Letting Go


Nana has suffered from acute arthritis for the last 40 years. I remember her soaking her hands in hot wax at night because they hurt so badly. A few weeks ago, Dad asked Nana how her arthritis was. For the first time he could remember, she told him that her hands and feet weren't bothering her anymore.

Great, I thought. At least that's one health issue she doesn't have to worry about right now.

But Dad went on to say that Nana's answer had bothered him a little bit. He explained that as we near the end of our time on earth, our minds begin to turn to the ethereal, the eternal. We quit focusing on our physical bodies as our spirit prepares for something far greater. We begin letting go of all the things that have tethered us to the world and we are able to embrace what comes next.

I have realized that I have a lot of tethers. Too many things unnecessarily tie me down. I am so paralyzed imagining Virginia's struggles twenty years from now that I don't have the energy to run through the sprinkler with her today. Most of what I was thinking about in the hospital with Nana was Virginia. I kept worrying about how anyone but Findley or I could ever take care of her. Watching how hard it was for Nana to get the care she needed even with the ability to communicate and do most things for herself, I was overcome by a dark cloud of fear about Virginia's life in years to come. But right now, she is 6. And Findley and I are healthy, young and able to care for her. I need to let go of my worries about her future.

While I was with Nana, I worried about my kids. I felt guilty that I had left them and guilty that I had been preoccupied with worrying about Nana. Now that I am home, I worry about Nana. Is she going to be ok? Is she without family in her final days? I tried for years to get Nana to move here and she refused. She wanted to be in her house, with her mountain views and all of her memories. So I need to let go of my guilt.

Findley and I went by Nana's house to do some laundry and make sure all her bills were paid. Her washer and dryer are in the basement and that has always been my favorite place in Nana's house. As a child I would spend hours down there, going through all of the things that she had stored. I would always find something that I couldn't live without- a board game, a bent hula hoop, or an old bike with deflated tires. This time was no different. I emerged with a box of old quilts that Nana's mother made. I remember sitting on those quilts with Nana and learning my colors. Somehow it helped to take them with me.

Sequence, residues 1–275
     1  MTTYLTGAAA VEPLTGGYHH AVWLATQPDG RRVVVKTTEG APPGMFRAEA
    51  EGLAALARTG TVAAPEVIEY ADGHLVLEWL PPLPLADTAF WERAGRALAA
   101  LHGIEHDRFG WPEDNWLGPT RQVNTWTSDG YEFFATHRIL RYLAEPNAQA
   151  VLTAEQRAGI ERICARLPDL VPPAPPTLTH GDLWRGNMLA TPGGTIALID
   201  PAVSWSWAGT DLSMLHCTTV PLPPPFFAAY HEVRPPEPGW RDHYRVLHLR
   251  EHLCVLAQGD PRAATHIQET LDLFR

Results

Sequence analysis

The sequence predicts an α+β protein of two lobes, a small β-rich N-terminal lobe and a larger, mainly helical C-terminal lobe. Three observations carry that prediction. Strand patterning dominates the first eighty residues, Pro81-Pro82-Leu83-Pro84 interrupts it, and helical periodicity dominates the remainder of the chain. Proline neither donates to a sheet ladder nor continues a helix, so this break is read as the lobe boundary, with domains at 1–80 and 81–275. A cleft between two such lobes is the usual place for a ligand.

Nana's accumulation of things never bothered me as a child. The basement seemed like a trove of treasures, not evidence of shattered dreams. There are racks and racks of my mother's clothes, all of her books and notes from Vandy and medical school, girl scout pins, contact cases, Easter baskets, magazines and suitcases. There are also hundreds of dolls and toys that Nana packed up in October of 1953 when her oldest daughter died of leukemia at age 10.

I obviously know why Nana kept these things. It wasn't my mother's Lilly dresses that she cared about or little Dianne's baby bathing station. Those things reminded her of people she had loved and lost and she just couldn't bear to let them go. I understand it, I really do. But I can't help but wonder if all those things haven't been weighing her down. Could she have embraced the last thirty years better if she just could have let it all go?

I am a lot like Nana. Both of us have been called a spit fire on multiple occasions. I can see in myself the same stubborn refusal to let some of the hard things in my life go. It's as if Nana thought that by moving on and seeking joy, she would be dishonoring the memories of her daughters. If they weren't here to enjoy life, she didn't want to either. It is exactly the way I am prone to think about my own life. If Sissy isn't happy, how can I be?

I don't have any physical reminders of my suffering that I need to give away. I wish it were as simple as holding a garage sale and then sweeping out the dirt that was let behind. But for me, I am tethered by emotions that try to take control of my life. Anxiety about Virginia's future. Guilt over my inability to take care of everyone I love.  Anger over what happened to Sissy. Shattered expectations of what our life and hers would be like.

It is time for me to let some things go. The things of this earth, both the good and the bad, are fleeting. If we cling to them too tightly, they will certainly weigh us down. I don't need to feel guilty in my truly happy times, but thankful. As I begin to release some of my worry, guilt, and sorrow, surely I will be much freer to embrace the next moment in my life, whatever it may hold.